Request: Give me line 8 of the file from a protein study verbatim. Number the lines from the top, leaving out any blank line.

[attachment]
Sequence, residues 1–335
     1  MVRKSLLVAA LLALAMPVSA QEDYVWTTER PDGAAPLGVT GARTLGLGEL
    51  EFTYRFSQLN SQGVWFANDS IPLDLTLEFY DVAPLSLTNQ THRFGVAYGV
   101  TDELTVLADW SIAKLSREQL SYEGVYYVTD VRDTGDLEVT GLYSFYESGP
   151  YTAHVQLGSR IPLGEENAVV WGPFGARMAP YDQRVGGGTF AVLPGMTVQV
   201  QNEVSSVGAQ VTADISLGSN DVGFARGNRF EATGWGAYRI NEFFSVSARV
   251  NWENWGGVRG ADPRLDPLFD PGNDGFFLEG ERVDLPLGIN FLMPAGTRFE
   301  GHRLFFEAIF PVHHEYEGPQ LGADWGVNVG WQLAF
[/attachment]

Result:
   301  GHRLFFEAIF PVHHEYEGPQ LGADWGVNVG WQLAF